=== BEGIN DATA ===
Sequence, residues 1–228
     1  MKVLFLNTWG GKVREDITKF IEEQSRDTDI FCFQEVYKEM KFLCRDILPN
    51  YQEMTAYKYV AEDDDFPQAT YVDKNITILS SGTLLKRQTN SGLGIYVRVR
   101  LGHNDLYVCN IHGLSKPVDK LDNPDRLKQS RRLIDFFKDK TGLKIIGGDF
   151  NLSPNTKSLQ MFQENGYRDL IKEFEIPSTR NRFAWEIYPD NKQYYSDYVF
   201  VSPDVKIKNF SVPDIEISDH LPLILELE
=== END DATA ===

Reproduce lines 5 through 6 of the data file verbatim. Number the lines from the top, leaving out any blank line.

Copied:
   151  NLSPNTKSLQ MFQENGYRDL IKEFEIPSTR NRFAWEIYPD NKQYYSDYVF
   201  VSPDVKIKNF SVPDIEISDH LPLILELE